HMRC using new powers to chase tax debts

Posted by Amy Flower in Personal Finance on 23 September 2015 - Amy is a Senior Credit Analyst at checkmyfile

Historically, HMRC were made to chase outstanding tax debts through the courts, incurring high costs and leading the way for the new legislation which was approved in April 2014.

The new ruling has targeted business millionaires and premier league football players who have demonstrated that they have used ‘aggressive tax avoidance’ schemes and are now facing large demands, up to £10m. The new demand system is enforcing that bills are paid within 90 days and the clients can dispute the balance later, which is yet to illustrate if this new system is working effectively or ultimately costing more money and time through the disputes process.

Recent case studies are indicating that the new ruling is not 100% focussed on the target groups that it was written for, instead it is hitting moderately wealthy individuals who are being served demands to repay tax that is owing from employment years ago and not from tax avoidance schemes. This type of tax demand has always been available and did not need additional legislation to target this group of tax debtors.

A spokesman for HMRC has stated that anyone who has received a demand and is struggling to obtain the funds to clear the debt should get in touch with the HMRC as soon as possible, with the view to set up a suitable repayment plan - ignoring the demand will not make the issue go away.

Income tax can usually only be investigated up to 4 years ago but can go back 6 years if they can prove the individual was ‘careless’ or up to 20 years if it can be proven there was deliberate avoidance. Once an inquiry is made by HMRC this allows them to side step the rules, Section 39, that outline the time limits for demanding back taxes.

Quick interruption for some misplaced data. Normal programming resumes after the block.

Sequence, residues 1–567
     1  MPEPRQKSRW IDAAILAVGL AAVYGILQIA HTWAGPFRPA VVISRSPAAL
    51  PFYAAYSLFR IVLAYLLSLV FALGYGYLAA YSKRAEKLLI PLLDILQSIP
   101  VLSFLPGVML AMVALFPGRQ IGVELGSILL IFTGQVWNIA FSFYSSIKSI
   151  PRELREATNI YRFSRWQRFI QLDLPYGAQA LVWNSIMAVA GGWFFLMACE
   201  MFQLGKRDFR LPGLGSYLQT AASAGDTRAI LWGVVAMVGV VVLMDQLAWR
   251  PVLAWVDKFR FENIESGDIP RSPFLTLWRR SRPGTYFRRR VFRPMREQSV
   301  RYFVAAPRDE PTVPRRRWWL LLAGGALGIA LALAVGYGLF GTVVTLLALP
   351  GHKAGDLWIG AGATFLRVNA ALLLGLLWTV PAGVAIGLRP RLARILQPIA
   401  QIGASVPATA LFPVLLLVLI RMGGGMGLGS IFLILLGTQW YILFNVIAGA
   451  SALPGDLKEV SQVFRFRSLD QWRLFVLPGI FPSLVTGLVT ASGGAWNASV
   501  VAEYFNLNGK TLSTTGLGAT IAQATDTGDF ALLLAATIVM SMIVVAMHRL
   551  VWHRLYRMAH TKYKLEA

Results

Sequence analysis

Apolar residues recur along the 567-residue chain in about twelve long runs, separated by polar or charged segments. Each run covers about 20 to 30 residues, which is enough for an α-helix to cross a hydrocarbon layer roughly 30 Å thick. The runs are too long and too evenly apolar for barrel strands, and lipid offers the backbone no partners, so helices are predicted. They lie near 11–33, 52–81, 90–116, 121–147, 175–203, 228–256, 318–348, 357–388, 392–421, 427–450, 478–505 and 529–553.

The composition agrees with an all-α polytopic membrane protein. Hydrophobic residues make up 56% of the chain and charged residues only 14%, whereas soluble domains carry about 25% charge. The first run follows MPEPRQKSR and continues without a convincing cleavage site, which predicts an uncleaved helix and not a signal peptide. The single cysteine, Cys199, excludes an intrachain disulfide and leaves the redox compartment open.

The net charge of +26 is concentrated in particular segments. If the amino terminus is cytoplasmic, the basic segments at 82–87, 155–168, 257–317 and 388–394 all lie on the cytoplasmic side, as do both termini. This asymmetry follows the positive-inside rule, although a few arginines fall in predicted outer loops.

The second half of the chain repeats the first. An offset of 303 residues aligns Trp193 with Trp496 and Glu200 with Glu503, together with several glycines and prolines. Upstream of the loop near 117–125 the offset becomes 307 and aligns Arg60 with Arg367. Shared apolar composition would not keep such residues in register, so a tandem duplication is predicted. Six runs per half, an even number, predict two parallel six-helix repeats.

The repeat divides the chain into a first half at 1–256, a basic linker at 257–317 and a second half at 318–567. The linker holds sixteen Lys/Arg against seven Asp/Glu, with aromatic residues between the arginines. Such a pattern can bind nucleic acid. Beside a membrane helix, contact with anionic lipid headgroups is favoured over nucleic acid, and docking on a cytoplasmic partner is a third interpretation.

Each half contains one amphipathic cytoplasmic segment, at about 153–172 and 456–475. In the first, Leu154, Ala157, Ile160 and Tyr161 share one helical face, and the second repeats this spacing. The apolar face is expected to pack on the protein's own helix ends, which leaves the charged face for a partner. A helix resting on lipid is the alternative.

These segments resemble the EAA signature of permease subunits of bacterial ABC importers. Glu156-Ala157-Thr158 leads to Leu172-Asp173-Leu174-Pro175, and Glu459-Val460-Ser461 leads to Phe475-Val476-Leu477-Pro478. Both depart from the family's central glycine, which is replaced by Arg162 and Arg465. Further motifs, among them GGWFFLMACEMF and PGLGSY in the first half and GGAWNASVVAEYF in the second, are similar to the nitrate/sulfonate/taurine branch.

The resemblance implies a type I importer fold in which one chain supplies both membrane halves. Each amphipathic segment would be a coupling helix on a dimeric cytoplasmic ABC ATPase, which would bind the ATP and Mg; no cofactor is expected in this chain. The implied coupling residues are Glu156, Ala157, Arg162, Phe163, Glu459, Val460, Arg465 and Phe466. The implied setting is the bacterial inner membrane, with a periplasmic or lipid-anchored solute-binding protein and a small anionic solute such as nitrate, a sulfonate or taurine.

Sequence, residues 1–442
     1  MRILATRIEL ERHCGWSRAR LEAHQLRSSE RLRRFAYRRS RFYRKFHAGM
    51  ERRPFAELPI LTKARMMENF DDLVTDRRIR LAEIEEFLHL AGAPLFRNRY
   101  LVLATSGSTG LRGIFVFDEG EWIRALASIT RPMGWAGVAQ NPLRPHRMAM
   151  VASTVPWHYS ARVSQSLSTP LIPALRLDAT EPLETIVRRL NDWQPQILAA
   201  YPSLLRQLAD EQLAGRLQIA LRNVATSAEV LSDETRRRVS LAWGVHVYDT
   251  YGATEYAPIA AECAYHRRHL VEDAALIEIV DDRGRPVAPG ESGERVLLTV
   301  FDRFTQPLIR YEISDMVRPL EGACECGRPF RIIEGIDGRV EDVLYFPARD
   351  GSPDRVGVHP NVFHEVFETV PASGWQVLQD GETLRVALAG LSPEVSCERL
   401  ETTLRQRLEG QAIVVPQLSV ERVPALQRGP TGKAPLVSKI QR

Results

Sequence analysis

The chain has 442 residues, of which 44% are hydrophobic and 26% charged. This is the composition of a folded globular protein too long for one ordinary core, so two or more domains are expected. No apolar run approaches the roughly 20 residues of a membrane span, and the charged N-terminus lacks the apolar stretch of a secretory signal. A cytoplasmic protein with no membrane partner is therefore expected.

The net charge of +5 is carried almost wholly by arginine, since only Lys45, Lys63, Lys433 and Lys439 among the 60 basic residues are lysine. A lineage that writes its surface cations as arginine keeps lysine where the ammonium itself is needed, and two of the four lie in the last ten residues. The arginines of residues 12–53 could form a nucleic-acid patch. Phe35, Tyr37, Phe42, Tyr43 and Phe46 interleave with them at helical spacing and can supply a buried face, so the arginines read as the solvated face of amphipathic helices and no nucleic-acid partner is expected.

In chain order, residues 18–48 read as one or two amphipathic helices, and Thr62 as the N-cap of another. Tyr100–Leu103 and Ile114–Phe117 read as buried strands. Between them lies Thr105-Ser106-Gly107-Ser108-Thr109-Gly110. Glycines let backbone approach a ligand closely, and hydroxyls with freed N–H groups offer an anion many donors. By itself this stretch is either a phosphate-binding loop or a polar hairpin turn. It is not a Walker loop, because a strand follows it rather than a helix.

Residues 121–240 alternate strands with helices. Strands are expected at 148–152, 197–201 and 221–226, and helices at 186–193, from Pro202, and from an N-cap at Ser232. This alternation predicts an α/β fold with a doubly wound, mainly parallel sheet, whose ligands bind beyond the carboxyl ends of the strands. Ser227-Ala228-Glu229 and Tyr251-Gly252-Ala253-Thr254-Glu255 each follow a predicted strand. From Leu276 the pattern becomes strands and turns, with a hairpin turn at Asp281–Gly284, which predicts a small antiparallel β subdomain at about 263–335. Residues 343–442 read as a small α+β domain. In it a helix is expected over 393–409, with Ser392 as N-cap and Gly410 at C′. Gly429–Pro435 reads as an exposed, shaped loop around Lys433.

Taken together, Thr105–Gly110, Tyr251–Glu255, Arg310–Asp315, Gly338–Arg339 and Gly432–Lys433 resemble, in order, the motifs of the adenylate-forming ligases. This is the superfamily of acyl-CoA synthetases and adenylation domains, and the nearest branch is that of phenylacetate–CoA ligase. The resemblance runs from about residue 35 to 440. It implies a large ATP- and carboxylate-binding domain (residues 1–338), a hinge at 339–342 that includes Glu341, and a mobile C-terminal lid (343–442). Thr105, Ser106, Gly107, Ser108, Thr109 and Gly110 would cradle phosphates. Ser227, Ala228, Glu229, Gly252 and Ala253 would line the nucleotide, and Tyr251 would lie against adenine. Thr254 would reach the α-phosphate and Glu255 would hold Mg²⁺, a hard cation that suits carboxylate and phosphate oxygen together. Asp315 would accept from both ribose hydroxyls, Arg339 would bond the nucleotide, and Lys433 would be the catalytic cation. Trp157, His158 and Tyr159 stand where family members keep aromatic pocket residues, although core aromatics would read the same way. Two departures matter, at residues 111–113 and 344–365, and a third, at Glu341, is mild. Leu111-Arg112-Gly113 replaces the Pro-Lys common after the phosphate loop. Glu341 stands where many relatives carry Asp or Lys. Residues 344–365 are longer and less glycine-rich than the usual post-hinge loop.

Freelancers working the late 2000s in the oil and gas, computing and banking sectors are currently under scrutiny and are being informed by the HMRC that their tax affairs may be classed as ‘aggressive tax avoidance’. Up to 64,000 demands are currently being made to the freelancers, who are being told that they need to pay up to a year’s salary, c£60,000 – £80,000, in 90 days. It can then take months for investigations and disputes to be concluded, with no real answer if there is to be fines or interest added to the amount or if the dispute will be successful.

Another issue with the demands is the calculations themselves being slammed by external accountants, who have reported that some demands have been inflated by up to 25% and are not within the guidelines of the target groups outlined by the new legislation. The amounts of money being demanded is sometimes being made on people who cannot afford it and there is now uncertainty about the figures and how they have been calculated.

There are schemes that were historically advised to freelancers who are no considered to be aggressive and in the HMRC’s sight along with DOTAs filed in individuals tax returns. The latter could be more fruitful for the government and aimed more appropriately at the business millionaires group, rather than the individuals currently finding an accelerated demands on their doormat.

To date, an estimated £28m has been refunded to taxpayers who made the payments in line with their demand and have since either been informed that there was a miscalculation or that the amount was not actually outstanding.

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